It’s also fortunate. Several times I forgot to remove it from my key ring before flights, but it must have blended in with the keys enough to evade TSA’s detection. I wasn’t so lucky with another bigger multi-tool several years ago; I completely forgot it was still in my carry-on backpack until it got flagged at security and confiscated.

One day I’ll clean and sharpen the knife at least. Even if I don’t, it’ll probably outlive me in usefulness.

Categories
Design Etc. Life

This is my jacket

Part of the This Is My series.

If you have met me in the last 15 years, there’s a decent chance you have seen me in this orange jacket:

I acquired it in 2004 on a trip from Madison to Kansas City with a few people from my youth group to attend a conference. We stopped at a Salvation Army somewhere along the way, which is where I spotted it. Don’t remember how much it cost, but since I’ve worn it for darn near half the year every year since, I’d say it was a sound investment regardless.

It had the same appeal then as it does now: a bold orange color, accessible pockets, and the perfect thickness for use as a spring and autumn jacket—not too thick and not too thin.

Sometimes I wonder if it’s time to find another light jacket. It’s starting to fray now, having served me and previous owners well for who knows how long. Something more waterproof or muted might be a better look and practical move.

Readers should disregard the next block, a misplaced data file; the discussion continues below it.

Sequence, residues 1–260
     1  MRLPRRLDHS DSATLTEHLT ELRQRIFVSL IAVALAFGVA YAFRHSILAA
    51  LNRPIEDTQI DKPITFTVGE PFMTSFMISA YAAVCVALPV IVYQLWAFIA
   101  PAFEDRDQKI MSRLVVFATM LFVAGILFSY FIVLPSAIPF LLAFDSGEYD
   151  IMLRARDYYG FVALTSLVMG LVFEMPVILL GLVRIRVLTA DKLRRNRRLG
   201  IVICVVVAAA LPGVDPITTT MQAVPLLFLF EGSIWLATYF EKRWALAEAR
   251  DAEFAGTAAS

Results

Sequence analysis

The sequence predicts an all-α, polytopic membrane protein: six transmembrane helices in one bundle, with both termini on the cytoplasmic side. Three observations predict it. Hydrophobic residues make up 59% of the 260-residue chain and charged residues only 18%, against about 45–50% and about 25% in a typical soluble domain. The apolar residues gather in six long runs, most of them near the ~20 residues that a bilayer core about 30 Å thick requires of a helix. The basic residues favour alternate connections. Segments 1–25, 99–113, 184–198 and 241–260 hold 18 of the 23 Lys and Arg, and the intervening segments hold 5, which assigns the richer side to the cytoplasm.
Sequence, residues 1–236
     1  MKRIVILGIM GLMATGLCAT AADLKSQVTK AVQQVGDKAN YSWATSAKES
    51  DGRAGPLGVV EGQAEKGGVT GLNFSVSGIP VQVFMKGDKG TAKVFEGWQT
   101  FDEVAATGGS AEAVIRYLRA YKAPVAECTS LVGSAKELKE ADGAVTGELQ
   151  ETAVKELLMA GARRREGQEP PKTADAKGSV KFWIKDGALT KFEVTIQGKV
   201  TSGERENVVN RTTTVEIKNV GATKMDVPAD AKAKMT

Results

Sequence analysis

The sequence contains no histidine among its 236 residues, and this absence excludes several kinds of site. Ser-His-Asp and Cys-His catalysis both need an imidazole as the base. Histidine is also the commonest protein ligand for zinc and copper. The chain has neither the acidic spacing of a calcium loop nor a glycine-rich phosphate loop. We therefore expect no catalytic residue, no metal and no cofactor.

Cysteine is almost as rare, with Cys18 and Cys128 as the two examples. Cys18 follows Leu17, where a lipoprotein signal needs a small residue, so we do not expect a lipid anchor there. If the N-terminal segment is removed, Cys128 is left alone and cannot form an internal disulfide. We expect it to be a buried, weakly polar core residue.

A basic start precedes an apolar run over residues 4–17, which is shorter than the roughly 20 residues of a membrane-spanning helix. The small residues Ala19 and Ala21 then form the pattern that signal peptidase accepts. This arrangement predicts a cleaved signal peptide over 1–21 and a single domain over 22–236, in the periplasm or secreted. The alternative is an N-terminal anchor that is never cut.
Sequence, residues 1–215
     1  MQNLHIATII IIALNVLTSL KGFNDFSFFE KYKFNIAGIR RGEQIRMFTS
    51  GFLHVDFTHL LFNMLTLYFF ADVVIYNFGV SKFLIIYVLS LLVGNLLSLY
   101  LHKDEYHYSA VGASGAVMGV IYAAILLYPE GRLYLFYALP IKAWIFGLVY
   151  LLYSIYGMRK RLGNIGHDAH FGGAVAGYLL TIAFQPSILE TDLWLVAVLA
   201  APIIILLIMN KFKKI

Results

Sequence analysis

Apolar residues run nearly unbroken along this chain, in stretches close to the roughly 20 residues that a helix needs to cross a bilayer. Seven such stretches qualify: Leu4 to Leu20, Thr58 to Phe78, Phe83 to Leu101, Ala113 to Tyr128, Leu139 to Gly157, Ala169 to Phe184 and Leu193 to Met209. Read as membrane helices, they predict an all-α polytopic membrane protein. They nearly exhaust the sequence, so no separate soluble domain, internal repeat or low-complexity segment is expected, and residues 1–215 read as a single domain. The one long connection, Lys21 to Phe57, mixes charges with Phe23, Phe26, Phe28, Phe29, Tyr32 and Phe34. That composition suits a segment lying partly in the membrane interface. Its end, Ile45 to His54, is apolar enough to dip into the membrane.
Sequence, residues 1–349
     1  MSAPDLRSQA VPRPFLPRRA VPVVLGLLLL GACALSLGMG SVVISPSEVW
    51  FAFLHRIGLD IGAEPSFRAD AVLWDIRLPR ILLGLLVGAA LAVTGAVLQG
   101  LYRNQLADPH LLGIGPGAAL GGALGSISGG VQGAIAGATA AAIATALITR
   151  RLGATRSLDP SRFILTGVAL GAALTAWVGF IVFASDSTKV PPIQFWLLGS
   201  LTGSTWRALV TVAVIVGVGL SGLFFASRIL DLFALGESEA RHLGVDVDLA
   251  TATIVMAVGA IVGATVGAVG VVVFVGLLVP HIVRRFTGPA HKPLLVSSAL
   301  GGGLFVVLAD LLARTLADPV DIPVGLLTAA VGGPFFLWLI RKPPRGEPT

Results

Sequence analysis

But by Jove, I’m sticking with it, because I stick with useful things to their bitter end. It’s my only play against planned obsolescence and conspicuous consumerism. Until I accidentally lose it or it disintegrates beyond repair, it’s staying on my coat rack. That’s the only way to honor such a reliable companion.

Categories
Arts Etc. Life

When we make our art

“When we make our art, we are also making our lives. And I’m sure that the reverse is equally true.”

— Wendell Berry, in the beautiful documentary Look & See (currently streaming on Netflix). Might have found my new life motto.

Categories
Film Life

Going to the movies is a gift

As the due date of my first child approaches, I’ve tried to account for and appreciate things I can do now, pre-parenthood, that won’t be quite so easy soon. Quiet nights reading, hassle-free dining, uninterrupted sleep, and keeping a tidy home come to mind. But chief among these activities is moviegoing, one of my most cherished traditions.